The "Leopard" is one of many weapons systems being exported by Germany, and the government is helping manufacturers to sell their wares around the world. India, for example, plans to buy 126 fighter jets worth €11 billion, and German ministers have been banging the drum for Eurofighters in meetings with Indian officials.

Even highly indebted Greece likes to buy weapons made in Germany, such as submarines or "Leopard" tanks. Athens has also been pondering buying Eurofighter fighter jets.

Some 80,000 people are employed in the German defense sector. The Bundeswehr, Germany's armed forces, has also been involved in the international arms trade through the sale of used tanks.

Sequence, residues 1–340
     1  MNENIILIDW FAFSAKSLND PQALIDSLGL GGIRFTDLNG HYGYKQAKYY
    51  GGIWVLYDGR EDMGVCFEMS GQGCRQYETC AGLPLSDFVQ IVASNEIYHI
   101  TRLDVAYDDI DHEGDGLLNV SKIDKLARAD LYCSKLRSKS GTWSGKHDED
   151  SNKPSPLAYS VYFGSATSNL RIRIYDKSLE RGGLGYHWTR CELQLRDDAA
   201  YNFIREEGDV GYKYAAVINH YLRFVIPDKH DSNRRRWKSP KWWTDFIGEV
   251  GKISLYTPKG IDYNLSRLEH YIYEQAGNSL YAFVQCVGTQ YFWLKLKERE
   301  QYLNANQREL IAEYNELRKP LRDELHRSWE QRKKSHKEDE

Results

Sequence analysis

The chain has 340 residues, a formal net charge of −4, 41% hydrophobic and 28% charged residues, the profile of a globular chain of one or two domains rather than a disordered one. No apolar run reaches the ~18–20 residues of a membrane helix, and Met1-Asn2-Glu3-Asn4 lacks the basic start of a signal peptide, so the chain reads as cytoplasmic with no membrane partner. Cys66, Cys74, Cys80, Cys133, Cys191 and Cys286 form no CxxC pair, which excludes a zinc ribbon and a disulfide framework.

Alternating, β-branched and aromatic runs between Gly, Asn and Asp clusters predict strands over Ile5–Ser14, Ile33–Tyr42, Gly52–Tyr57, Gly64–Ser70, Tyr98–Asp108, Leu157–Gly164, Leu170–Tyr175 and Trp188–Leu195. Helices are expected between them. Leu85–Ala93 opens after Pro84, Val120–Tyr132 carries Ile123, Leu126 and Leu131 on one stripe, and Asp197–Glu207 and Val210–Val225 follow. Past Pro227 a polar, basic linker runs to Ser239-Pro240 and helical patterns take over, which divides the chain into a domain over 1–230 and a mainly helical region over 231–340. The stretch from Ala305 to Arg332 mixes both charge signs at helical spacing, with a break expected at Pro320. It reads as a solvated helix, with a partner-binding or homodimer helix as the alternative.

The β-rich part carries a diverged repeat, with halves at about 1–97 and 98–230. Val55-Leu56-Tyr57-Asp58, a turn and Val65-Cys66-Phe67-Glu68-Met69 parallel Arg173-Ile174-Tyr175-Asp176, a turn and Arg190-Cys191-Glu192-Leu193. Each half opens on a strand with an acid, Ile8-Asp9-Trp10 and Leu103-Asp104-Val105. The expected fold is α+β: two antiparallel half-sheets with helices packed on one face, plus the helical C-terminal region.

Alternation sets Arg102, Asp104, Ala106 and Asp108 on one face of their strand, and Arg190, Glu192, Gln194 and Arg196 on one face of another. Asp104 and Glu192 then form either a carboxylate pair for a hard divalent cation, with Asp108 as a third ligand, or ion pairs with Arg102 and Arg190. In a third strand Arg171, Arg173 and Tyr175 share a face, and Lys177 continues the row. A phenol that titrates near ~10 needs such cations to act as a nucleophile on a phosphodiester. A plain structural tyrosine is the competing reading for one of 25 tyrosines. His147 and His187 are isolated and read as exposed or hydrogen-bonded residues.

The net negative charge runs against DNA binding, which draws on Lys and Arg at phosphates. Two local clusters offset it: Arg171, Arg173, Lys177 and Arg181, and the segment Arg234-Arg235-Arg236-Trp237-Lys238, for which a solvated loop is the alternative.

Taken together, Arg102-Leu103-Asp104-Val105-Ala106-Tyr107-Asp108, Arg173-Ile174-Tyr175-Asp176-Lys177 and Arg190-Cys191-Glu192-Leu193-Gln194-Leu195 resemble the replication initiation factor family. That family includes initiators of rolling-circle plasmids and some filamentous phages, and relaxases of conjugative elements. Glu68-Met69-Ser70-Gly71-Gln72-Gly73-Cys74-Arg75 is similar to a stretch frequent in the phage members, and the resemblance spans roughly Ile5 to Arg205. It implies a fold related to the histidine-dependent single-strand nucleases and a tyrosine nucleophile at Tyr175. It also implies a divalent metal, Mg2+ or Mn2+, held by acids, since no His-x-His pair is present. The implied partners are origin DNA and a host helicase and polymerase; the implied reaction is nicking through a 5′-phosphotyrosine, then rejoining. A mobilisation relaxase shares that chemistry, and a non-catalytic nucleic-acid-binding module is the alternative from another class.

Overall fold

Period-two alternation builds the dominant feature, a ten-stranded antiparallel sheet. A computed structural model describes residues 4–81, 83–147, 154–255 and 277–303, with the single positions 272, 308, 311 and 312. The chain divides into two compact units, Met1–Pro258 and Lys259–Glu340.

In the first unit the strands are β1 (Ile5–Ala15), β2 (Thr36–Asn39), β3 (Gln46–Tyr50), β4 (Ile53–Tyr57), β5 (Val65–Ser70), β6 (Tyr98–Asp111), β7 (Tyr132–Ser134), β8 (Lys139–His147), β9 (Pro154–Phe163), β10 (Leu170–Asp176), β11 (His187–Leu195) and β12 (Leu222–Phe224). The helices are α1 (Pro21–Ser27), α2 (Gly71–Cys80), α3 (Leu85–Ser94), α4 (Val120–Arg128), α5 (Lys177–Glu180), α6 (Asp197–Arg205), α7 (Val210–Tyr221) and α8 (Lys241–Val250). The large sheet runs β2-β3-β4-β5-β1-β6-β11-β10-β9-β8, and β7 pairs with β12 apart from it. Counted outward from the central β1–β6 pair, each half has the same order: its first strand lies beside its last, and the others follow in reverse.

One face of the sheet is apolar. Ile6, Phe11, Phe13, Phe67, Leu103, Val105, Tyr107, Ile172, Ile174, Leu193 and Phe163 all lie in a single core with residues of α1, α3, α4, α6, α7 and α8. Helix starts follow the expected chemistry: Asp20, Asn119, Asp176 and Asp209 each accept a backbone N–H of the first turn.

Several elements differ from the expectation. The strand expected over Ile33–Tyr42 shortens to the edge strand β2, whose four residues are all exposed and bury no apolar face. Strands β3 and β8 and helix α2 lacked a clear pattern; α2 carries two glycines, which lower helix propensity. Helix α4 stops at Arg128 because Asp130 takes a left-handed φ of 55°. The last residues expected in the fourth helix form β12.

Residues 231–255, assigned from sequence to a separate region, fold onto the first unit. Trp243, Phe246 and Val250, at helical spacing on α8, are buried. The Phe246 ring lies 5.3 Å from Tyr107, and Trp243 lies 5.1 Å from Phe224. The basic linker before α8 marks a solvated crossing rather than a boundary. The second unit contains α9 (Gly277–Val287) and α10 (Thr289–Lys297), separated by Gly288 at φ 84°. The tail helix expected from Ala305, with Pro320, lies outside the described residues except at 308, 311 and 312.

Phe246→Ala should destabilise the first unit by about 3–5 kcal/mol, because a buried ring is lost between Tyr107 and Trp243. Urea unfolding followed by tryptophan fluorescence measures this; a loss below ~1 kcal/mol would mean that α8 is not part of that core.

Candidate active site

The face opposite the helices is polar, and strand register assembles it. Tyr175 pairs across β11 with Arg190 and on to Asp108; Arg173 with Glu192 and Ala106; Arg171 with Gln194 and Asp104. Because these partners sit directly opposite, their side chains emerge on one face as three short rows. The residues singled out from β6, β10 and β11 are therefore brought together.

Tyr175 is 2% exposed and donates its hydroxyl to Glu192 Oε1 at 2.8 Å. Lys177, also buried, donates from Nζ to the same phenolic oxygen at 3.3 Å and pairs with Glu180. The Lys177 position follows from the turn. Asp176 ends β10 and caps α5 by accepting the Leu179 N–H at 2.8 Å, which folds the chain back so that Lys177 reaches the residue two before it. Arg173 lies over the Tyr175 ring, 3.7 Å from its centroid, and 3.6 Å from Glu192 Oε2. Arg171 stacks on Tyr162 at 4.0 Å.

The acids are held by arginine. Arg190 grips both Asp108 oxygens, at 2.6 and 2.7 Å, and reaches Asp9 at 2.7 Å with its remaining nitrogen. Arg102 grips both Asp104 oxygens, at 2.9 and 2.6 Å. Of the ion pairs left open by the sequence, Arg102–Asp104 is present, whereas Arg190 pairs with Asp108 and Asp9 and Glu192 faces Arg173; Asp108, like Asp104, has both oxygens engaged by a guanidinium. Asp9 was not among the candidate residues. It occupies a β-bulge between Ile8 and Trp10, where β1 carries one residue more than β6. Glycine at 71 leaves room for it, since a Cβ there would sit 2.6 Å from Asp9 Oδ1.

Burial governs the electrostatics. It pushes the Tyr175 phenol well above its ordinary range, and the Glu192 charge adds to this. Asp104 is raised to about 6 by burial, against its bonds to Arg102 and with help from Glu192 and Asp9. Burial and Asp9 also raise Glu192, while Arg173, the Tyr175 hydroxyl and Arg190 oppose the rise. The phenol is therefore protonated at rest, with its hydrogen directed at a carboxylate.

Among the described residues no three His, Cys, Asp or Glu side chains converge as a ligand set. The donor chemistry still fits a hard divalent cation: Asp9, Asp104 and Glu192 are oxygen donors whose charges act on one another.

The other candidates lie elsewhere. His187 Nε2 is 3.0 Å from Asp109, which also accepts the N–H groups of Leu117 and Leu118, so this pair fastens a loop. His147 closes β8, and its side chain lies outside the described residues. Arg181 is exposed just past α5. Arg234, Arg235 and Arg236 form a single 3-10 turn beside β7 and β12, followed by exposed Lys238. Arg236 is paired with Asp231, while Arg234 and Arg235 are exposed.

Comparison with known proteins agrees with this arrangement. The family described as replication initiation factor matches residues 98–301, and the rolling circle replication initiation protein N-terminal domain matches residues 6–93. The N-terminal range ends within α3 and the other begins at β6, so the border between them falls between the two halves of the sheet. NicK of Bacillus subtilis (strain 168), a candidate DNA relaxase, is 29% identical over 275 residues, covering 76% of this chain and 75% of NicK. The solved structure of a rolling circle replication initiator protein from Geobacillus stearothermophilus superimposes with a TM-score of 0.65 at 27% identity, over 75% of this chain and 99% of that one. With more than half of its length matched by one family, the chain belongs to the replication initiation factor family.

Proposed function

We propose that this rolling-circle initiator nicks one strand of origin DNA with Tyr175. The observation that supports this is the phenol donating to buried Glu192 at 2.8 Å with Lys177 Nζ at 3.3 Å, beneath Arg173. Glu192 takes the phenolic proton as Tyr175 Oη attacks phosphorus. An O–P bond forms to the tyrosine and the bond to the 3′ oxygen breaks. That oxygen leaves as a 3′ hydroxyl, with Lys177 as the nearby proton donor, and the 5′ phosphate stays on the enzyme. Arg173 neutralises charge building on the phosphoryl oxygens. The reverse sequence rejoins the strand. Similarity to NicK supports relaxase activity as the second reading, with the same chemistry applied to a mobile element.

According to the Stockholm International Peace Research Institute (SIPRI), the main buyers of German weapons systems in the years 2006 through 2010 were:
  • Greece (with a share of 15 percent)
  • South Africa (11 percent)
  • Turkey (10 percent)
  • South Korea (nine percent)
  • Malaysia (seven percent)
SIPRI said that Germany advanced from fifth to third place among the biggest arms sellers between 1998 and 2009, even though a previous center-left government pledged in 2000 to pursue a "restrictive'" policy on exporting defense technology.

German exports have in fact doubled in the past 10 years and Germany's share of the world market rose to around 11 percent in the period between 2006 and 2010. Many of those deals had been approved by Chancellor Gerhard Schröder's government before it was voted out of office in 2005. Only the US (30 percent) and the Russians (23 percent) export more.